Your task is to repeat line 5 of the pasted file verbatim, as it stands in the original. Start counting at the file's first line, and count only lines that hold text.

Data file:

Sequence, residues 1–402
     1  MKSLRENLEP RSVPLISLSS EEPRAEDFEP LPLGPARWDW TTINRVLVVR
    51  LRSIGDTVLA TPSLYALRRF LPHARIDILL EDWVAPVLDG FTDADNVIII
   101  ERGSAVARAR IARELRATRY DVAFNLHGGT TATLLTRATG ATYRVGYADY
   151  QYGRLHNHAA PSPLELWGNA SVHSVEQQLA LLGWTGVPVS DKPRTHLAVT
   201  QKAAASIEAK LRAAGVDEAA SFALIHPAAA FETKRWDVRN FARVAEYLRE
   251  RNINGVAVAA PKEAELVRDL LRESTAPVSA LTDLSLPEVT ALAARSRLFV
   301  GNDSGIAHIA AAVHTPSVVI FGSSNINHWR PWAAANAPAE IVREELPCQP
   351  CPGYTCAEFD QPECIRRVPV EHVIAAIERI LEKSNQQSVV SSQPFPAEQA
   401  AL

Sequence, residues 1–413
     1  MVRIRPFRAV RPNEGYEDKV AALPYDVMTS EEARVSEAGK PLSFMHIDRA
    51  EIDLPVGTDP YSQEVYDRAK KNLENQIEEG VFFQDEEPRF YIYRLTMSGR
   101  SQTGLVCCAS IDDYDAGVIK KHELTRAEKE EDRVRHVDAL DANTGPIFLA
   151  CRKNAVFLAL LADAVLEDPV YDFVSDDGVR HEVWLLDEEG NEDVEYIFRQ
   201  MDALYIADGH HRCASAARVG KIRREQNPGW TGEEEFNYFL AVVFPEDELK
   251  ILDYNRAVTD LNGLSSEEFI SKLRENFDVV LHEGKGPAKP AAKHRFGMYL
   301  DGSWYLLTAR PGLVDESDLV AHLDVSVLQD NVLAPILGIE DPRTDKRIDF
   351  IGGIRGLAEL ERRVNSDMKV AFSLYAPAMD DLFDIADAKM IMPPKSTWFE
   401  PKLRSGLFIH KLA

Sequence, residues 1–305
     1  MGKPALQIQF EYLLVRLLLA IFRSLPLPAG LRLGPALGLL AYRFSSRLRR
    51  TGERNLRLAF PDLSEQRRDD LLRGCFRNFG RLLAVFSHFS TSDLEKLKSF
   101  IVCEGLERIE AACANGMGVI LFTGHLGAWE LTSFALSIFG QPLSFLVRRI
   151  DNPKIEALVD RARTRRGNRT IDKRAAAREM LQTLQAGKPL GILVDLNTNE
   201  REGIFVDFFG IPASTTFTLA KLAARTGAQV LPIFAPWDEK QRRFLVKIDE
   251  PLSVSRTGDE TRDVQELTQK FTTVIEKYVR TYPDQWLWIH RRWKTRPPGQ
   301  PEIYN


   151  QYGRLHNHAA PSPLELWGNA SVHSVEQQLA LLGWTGVPVS DKPRTHLAVT